In 1804, President Thomas Jefferson selected Benjamin H. Latrobe, one of America’s foremost early architects, to design and build a main gate for the Washington Navy Yard. Constructed in two years, the structure is an example of Greek Revival and was completed in 1806. The gate lies at the juncture of Eighth Street and M Street. Latrobe also oversaw the construction of the guardhouse, officer’s quarters, shops for various trades, and a foundry and rolling mill. One of the three structures that survived the burning of the navy yard in 1814 by the British during the War of 1812, the gate was altered in 1823 when an additional story was added to offer Marine officers more space. In 1830-31, the structure was painted white to hide the contrast in bricks. Additional modifications were completed and stories were built in 1881 to allow the Marines to have further space. Since that time, numerous dignitaries have passed through the gates such as King George VI and Queen Elizabeth in 1939 when they visited Washington. In 1973, Latrobe Gate was listed on the National Register of Historic Places. Latrobe Gate is restricted to the residents of flag officer quarters. The main entrance for visitors to the navy yard is 11th Street and O Street.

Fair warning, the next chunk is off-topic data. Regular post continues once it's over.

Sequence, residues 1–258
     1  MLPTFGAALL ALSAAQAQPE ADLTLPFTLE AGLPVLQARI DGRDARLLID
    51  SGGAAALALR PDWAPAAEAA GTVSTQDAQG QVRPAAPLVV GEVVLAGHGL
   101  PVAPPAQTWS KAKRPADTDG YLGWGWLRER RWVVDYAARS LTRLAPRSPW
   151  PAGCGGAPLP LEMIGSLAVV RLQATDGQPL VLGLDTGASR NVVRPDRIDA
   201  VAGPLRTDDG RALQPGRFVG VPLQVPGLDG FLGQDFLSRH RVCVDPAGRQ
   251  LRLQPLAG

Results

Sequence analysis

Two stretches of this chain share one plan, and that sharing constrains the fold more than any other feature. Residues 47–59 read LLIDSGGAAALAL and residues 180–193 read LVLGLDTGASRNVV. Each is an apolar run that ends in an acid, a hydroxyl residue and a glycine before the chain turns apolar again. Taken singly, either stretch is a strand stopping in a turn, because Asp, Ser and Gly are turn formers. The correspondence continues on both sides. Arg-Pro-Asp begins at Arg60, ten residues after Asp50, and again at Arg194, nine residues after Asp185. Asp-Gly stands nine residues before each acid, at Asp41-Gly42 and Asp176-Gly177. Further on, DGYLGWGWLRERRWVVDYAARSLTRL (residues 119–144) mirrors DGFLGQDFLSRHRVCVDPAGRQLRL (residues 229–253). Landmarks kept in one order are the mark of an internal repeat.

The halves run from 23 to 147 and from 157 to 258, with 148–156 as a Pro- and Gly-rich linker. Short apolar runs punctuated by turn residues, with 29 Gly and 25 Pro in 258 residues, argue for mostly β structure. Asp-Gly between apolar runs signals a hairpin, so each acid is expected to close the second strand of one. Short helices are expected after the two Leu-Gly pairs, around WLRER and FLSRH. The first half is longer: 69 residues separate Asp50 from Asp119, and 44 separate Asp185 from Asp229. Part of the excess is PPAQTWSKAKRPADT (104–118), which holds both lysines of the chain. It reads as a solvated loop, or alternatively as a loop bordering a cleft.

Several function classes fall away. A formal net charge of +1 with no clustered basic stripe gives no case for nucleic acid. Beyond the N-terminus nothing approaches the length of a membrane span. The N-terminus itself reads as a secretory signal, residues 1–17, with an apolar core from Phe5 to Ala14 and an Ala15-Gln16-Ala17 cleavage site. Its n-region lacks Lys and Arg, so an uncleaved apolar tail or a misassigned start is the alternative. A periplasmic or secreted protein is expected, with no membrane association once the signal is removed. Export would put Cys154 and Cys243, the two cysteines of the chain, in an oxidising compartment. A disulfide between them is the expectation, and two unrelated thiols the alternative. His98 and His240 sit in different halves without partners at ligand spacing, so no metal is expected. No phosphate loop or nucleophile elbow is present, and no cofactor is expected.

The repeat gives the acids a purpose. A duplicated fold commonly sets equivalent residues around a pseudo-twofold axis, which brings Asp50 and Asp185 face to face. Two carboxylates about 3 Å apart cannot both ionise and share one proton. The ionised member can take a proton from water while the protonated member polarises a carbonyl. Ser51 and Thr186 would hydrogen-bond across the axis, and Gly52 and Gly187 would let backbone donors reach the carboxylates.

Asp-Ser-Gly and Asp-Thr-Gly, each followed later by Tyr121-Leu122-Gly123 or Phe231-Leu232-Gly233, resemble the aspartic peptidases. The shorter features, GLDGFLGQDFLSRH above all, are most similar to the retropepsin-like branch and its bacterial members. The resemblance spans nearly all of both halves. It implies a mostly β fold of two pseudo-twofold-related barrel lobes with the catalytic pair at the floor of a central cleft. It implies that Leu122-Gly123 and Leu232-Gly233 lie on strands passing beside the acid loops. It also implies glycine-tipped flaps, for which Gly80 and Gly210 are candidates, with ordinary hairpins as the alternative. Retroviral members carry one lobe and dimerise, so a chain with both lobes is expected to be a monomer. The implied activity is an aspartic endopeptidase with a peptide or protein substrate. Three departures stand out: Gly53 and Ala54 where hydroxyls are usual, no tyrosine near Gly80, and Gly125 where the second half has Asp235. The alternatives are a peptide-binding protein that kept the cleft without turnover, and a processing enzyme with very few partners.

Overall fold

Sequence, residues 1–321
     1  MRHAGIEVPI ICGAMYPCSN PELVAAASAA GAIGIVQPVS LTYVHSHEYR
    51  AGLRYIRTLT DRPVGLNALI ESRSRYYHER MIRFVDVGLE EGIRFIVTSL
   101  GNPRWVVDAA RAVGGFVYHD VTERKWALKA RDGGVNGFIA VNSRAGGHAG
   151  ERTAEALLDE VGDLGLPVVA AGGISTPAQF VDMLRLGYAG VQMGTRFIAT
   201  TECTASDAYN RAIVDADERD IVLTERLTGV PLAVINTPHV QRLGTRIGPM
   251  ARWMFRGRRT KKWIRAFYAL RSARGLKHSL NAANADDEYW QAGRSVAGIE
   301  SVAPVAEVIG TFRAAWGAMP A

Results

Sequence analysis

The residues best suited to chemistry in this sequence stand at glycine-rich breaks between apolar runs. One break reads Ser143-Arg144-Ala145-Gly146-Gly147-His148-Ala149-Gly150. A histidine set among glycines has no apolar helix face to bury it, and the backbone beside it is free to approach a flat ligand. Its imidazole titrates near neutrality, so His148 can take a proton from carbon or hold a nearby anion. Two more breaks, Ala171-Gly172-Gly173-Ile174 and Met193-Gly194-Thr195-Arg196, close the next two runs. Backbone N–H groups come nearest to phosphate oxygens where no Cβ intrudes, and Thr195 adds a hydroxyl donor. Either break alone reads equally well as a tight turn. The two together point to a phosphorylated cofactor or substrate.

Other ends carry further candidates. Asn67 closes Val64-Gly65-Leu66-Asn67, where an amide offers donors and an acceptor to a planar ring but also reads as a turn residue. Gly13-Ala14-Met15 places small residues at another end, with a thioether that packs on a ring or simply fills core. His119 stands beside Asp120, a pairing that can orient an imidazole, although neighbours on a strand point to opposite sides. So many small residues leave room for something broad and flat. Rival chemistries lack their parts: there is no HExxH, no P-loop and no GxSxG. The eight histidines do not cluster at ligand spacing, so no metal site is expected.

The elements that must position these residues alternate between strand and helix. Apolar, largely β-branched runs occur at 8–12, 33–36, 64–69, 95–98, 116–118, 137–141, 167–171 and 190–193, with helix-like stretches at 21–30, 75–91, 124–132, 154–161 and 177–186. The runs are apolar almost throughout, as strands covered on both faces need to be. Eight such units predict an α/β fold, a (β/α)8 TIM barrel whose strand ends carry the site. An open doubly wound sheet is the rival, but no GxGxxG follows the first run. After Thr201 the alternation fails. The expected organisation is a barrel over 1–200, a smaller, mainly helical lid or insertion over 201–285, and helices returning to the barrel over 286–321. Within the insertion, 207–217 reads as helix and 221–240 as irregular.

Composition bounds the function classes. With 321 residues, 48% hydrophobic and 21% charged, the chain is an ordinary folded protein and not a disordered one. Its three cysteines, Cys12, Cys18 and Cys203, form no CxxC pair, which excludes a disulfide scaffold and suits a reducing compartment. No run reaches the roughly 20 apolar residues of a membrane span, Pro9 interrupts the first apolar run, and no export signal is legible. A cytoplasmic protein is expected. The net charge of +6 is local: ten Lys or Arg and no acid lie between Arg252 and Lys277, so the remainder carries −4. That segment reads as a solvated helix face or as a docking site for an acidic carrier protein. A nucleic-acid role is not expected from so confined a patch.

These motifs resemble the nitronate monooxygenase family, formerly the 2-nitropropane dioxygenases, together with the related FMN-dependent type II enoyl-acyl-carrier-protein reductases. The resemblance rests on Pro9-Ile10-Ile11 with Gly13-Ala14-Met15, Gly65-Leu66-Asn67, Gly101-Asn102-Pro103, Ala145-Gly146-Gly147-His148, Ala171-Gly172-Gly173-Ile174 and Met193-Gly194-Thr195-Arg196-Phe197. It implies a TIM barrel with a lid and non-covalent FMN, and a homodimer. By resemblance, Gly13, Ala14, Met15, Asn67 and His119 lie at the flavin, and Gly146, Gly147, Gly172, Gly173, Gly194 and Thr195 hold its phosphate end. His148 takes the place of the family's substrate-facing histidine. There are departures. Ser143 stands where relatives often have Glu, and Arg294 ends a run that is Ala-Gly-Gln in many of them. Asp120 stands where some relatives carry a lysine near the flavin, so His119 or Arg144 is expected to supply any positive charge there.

Image: NH 97844: Washington Navy Yard, early 1990s. Note Latrobe Gate in the lower right. U.S. Naval History and Heritage Command Photograph.
To learn more about Latrobe Gate, please contact our Education Department for a spot on the next Walking Tour of the Washington Navy Yard.